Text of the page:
Welcome to Tesla Motors Club
Discuss Tesla's Model S, Model 3, Model X, Model Y, Cybertruck, Roadster and More.
Register
  • The latest TMC Podcast (#17) is now available on YouTube and all major podcast networks. We covered EV Tax Credit 2.0, Model Y & 3 Gangbuster Sales, Low Model X Demand, and California FSD Drama.

When will 100+ KWh battery become available?

Rodolfo Paiz

Fidelius Family Office
Nov 19, 2012
788
133
Miami, FL
In an ideal world, I'd like to drive Miami-Orlando non-stop. Those 230 miles at 75-80 mph on the Turnpike use 1.3x to 1.4x rated miles, so I need 300 rated miles of range (105 KWh) plus reserve. I'm trying to defer my Model X purchase as much as possible in the hope that I'll be able to get it with a 100+ KWh battery.

When speculating about the next time Tesla offers a larger battery for Model X:

1. When would you estimate that Tesla will offer a larger battery?
2. What capacity do you expect in that next capacity boost? 100? 110? 120?
3. Why?
 
Just speculating but it seems like if Tesla was close to offering a 100 KWh battery, they would offer it with the X. Considering they just announced the 90 KWh battery for the Model S (based on development for the X) in July 2015, and that was only a 5 KWh bump from the 85 they announced with the S year ago, I'd guess you probably won't see a 100+ KWh option until early-2017 at the earliest.
 

shokunin

P85 & M3
Supporting Member
Feb 28, 2012
1,214
653
Irvine, CA
Once the gigafactory is producing the new larger cell size format we should see a bump in density. Hopefully we'll see cell production start next year and make it battery packs in 2017.

I believe JB wanted at least 15-20% increase in density with the new cell format. That should easily provide a 100kw - 110kw pack size.
 
  • Helpful
Reactions: vperl
Once the gigafactory is producing the new larger cell size format we should see a bump in density. Hopefully we'll see cell production start next year and make it battery packs in 2017.

I believe JB wanted at least 15-20% increase in density with the new cell format. That should easily provide a 100kw - 110kw pack size.


Actually JB Straubel expects about a 40% volumetric energy density improvement for the Gigafactory/Model 3 packs compared to the first Model S packs.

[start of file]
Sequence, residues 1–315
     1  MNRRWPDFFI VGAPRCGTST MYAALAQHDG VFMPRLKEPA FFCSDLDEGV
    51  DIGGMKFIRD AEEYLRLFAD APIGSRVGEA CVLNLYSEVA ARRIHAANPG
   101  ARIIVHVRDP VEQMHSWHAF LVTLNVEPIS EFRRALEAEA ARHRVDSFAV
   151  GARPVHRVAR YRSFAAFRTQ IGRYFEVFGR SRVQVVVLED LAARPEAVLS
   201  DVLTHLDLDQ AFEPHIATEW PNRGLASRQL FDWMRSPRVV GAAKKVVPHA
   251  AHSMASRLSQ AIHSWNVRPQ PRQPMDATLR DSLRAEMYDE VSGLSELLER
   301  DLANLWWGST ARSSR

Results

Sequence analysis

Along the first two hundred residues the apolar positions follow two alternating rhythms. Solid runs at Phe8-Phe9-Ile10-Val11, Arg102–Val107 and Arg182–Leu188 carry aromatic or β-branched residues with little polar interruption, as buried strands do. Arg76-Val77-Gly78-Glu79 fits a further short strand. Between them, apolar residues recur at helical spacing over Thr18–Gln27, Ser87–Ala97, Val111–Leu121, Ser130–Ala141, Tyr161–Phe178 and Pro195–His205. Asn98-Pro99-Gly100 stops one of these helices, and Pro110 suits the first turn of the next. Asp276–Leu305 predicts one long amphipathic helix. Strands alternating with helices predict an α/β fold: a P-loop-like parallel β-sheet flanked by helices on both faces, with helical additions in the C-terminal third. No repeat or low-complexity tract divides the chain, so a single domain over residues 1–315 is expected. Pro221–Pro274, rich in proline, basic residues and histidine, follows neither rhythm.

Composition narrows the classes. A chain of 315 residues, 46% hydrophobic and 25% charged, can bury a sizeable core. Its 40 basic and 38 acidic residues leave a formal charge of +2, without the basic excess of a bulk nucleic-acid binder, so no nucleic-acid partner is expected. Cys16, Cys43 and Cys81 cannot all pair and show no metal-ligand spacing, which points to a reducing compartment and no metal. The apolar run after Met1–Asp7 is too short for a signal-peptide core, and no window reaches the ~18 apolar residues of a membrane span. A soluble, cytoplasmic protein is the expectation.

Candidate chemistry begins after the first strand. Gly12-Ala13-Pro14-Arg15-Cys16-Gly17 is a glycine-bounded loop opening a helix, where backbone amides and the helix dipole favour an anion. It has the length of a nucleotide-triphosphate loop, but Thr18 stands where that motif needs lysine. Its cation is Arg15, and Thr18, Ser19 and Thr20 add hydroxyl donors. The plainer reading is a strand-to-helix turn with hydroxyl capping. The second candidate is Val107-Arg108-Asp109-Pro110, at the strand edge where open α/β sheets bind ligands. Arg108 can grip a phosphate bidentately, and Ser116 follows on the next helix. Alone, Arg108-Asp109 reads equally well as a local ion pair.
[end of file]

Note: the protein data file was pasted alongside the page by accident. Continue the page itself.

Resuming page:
This is mainly due to a improvement in packaging efficiency with a bit of cell chemistry improvement (10-15%).
So I expect a bump in capacity once those cells become available for the Model S. 2017 at the earliest.

Source 1: Conference call
25:23 Journalist: On the Gigafactory, is the chemistry going to be the same battery chemistry that you're currently using or is that part of the discussions that are going on with Panasonic?
25:34 Elon Musk: There are improvements to the chemistry, as well as improvements to the geometry of the cell. So we would expect to see an energy density improvement and of course a significant cost improvement. JB, do you want to add anything?
25:53 JB Straubel: Yeah, that's right. The cathode and anode materials themselves are next generation. We're seeing improvements in the maybe 10% to 15% range on the chemistry itself.
Elon Musk on Tesla’s F1-like service approach - Q2 2014 Earnings Call (7.31.14) AUDIO - YouTube

Source 2: SBS Seoul Digital Forum
8:54 JB Straubel: And when we're looking forward to the next generation, our third generation product, we expect they are going to move, again, by about 40%
Tesla Reimagines the Century-old Power Grid - JB Straubel | SDF2015 - YouTube
 
Last edited:
So that makes a 85kW = 119kW. I sure hope that comes true by 2017/18.
My guess is some of the density improvements will be used to reduce cost or improve margins instead.
I thinks that means the packaging of the actual cells themselves and that the format size will change to allow for more efficiency.
That would also be my guess as well.
 
I am a roadster driver since 2010.
Got my Model S 1 week ago to replace our family van as I was not able to wait for the Model X to be delivered to Switzerland. It is a Model S 85.
Don't ask why, but we need to move 5 persons, a dog and a cat on winter tyres in cold weather mainly on a highway. 380 Km without recharging. Our Model S was capable to do this only with reduced speed ( 120 Km/h would be allowed). We arrive with 1 % energy left. Makes my wife very nervous.
So my calculation is that for a Model X which we like to have because of the increased space, and which I guess should have a bit higher consumption then the S, we would need a 120 kW/h battery.
Not before 2018? Even later?
 
Off topic, but what if the model 3 starts with 60 kWh and 85 kWh options while the S and X have 90 kWh and 115 kWh? That would be insane for PR, but that would mean increasing cell output pretty radically compared to stated goals of 35 gWh for automotive yearly. I guess some things are just too good to be true.
 

Products we're discussing on TMC...

About Us

Formed in 2006, Tesla Motors Club (TMC) was the first independent online Tesla community. Today it remains the largest and most dynamic community of Tesla enthusiasts. Learn more.

Do you value your experience at TMC? Consider becoming a Supporting Member of Tesla Motors Club. As a thank you for your contribution, you'll get nearly no ads in the Community and Groups sections. Additional perks are available depending on the level of contribution. Please visit the Account Upgrades page for more details.


SUPPORT TMC
Top